Which leads me to this amazing quote in today's Journalisten (equivalent of NUJ's The Journalist and one of my former employers. The article is not online yet) by Dagbladet commentator Gudleiv Forr:

"He [Aas Olsen] seems to argue that the drinking was heaviest during the golden age in the 1970s and 80s. I think the drinking is just as steady today. But we drank Upper Ten, which made us a lot more creative than what they become from alcohol today as they mostly drink wine and beer. Whisky is best for editorial inventiveness."

The state of social media and personal recollection

Wow, this one hit me. Paul Carr's The Rise of Microblogging, The Death of Posterity is really thoughtprovoking, worth reading and reflecting on.

I found this post via a tweet from Loic LeMeur who said he totally disagrees, but even though I often find myself disagreeing with Carr I think what he says about microblogging vs blogs is mostly true. I use microblogging more for conversation and sharing and reading links than for broadcasting, but it is true that a lot of the things I'd formely blog about I've ended up just tweeting since I joined Twitter.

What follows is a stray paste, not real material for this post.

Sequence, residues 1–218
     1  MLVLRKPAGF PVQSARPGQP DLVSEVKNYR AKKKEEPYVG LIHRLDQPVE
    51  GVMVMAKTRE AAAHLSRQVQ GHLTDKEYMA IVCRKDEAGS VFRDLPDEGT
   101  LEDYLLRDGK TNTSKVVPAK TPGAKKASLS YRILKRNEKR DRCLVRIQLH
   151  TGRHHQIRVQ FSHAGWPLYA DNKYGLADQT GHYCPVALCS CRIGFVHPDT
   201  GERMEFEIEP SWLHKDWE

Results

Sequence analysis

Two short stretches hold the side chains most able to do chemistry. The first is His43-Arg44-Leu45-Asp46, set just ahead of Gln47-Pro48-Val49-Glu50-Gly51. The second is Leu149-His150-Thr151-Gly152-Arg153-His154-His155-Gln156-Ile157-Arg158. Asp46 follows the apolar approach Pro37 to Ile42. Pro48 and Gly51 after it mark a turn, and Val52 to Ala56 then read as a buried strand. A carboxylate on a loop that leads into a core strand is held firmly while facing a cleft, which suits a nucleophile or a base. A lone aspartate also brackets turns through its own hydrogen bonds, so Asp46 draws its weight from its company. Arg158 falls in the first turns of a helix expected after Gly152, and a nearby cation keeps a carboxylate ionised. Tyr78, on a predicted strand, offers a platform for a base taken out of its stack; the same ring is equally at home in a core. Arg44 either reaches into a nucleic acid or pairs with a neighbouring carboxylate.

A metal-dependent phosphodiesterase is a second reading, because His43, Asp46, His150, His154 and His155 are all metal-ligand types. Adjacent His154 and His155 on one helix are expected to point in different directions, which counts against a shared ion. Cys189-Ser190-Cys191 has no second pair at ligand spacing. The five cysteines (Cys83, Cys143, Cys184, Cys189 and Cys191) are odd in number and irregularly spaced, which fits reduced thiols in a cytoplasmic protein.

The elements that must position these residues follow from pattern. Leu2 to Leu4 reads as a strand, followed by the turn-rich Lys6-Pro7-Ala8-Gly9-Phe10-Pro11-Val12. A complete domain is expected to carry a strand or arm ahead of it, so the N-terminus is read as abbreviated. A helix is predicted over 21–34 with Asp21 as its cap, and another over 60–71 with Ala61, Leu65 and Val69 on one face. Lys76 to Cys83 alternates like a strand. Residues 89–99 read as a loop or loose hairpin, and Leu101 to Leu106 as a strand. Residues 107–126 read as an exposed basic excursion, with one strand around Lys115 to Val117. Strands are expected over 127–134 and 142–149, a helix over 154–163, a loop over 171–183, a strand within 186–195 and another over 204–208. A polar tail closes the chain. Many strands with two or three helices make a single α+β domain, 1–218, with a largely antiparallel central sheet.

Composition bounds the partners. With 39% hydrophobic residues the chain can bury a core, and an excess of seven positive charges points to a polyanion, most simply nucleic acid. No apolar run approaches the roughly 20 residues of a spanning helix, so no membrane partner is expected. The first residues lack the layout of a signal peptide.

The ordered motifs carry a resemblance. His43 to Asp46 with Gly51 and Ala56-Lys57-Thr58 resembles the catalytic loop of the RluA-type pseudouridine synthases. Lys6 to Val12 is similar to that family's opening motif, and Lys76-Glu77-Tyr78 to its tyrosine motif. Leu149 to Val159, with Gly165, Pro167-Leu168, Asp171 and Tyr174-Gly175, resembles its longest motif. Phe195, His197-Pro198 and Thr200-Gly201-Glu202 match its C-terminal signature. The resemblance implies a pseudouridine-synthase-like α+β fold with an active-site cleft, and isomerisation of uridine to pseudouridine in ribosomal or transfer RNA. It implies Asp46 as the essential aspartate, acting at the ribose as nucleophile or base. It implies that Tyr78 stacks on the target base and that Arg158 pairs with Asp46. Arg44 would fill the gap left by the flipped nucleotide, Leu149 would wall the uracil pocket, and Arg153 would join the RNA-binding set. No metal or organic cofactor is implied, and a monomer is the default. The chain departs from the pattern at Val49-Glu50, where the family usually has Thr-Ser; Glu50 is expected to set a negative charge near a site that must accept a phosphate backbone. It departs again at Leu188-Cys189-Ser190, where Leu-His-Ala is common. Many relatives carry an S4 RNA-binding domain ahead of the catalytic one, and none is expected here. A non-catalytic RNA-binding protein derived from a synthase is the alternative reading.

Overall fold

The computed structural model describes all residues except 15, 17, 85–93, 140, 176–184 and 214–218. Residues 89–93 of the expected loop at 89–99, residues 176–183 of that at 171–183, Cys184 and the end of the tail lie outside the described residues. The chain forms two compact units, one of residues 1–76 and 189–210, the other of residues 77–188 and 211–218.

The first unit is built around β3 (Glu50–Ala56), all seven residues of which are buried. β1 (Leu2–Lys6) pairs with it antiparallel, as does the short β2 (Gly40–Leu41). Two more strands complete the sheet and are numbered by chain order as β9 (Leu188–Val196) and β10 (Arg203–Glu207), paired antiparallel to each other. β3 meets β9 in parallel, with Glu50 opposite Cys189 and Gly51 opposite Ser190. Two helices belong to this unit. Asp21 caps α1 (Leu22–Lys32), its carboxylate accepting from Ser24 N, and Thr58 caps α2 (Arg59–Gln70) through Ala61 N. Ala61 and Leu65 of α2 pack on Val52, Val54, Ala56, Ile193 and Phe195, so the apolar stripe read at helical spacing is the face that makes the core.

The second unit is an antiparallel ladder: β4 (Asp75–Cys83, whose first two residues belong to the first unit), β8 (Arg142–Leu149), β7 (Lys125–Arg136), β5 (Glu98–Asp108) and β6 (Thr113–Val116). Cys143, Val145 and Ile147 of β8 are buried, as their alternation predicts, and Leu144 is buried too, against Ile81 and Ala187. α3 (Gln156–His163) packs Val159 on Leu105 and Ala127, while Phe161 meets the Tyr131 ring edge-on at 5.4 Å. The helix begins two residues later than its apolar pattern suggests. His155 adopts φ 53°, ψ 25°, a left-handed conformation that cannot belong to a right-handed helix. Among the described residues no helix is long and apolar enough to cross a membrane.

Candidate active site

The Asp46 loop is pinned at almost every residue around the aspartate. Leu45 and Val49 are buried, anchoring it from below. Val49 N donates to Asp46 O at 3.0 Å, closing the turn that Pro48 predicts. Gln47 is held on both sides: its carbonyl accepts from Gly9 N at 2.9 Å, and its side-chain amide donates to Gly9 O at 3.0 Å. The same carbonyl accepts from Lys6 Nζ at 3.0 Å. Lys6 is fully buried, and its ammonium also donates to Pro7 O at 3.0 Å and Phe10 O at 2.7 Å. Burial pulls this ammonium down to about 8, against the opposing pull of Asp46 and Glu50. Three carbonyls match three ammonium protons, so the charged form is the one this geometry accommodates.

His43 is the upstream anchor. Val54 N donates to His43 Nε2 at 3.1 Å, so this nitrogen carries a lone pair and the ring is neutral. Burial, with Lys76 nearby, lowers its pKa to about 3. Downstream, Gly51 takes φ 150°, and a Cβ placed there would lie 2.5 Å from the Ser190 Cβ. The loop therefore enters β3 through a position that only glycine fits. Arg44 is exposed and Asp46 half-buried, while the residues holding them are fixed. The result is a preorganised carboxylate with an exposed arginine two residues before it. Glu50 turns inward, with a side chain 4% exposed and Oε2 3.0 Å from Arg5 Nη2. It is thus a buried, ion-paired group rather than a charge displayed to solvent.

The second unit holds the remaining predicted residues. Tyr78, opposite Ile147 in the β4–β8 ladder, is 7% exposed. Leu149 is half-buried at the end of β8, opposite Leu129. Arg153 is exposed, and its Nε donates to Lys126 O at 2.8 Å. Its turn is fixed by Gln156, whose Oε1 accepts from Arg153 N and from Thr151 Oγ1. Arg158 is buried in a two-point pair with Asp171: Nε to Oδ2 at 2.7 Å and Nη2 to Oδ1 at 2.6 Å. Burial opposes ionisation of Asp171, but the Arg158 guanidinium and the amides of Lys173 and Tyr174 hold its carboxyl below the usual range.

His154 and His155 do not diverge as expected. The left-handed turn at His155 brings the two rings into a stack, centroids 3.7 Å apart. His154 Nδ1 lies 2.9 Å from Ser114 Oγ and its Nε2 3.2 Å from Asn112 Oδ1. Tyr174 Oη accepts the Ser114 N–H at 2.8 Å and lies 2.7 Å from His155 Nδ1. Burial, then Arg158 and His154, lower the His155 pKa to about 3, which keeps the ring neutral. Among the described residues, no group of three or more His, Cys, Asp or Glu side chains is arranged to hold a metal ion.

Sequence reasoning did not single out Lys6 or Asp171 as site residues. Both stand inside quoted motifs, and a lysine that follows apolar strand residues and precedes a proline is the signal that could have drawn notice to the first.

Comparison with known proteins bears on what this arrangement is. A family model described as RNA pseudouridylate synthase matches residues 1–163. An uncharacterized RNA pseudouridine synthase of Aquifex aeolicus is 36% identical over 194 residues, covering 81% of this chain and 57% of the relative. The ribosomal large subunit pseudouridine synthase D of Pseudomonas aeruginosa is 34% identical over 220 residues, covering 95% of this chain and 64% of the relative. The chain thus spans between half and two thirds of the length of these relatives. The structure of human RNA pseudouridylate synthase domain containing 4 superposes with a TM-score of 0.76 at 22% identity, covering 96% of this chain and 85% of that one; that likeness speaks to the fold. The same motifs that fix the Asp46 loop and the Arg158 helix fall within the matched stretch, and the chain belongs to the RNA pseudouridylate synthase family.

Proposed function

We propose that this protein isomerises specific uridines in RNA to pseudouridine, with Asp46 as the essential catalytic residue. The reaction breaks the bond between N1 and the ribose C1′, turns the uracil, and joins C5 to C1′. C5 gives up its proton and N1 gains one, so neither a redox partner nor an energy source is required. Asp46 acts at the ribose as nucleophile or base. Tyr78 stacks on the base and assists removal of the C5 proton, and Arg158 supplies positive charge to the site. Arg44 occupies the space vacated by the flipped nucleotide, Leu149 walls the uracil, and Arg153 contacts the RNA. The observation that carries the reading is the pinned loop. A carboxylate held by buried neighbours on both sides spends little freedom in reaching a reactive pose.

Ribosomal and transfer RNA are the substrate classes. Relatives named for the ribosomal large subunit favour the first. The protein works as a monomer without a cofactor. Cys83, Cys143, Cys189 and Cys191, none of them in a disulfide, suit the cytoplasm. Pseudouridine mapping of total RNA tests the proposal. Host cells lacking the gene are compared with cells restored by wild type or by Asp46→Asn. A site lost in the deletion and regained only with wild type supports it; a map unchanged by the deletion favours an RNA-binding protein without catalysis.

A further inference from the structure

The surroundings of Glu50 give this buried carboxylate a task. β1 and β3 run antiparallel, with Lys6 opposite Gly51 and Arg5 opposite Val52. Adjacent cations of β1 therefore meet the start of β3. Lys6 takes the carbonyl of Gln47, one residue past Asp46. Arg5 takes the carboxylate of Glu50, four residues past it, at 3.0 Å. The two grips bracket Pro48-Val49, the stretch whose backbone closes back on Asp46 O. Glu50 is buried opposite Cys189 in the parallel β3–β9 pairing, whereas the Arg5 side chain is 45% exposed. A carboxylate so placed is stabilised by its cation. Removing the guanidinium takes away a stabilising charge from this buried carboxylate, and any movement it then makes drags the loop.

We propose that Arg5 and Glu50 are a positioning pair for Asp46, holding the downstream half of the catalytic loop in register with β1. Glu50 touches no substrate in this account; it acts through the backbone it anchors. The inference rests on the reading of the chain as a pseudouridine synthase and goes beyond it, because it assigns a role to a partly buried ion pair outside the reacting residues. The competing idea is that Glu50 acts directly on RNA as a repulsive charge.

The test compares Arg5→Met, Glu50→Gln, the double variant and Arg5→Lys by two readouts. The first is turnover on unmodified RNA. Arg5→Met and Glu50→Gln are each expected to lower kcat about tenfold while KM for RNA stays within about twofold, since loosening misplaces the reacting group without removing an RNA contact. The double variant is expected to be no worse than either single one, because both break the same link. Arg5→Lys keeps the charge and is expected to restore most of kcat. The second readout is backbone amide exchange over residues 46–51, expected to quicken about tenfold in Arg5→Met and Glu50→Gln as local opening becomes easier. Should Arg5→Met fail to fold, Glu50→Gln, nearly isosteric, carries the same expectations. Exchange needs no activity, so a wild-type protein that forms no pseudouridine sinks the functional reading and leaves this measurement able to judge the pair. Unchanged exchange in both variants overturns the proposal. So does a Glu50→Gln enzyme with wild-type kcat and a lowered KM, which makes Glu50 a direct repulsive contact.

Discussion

That means I have some of the same problems refinding stuff I've linked to as Carr, and it's very annoying as a major function of this blog is as a backup of my own brain. In Carr's words: "...the realisation is slightly terrifying: by constantly micro-broadcasting everything, we’ve ended up macro-remembering almost nothing."

Now, I don't have any plans to delete my social media profiles, but it's useful to be reminded of, and reflect a bit on, this paradox, and least I took a few minutes out to blog this...

Miserable July, Magical August

Okay, so July gave me a lot of time to think. I won't complain about that.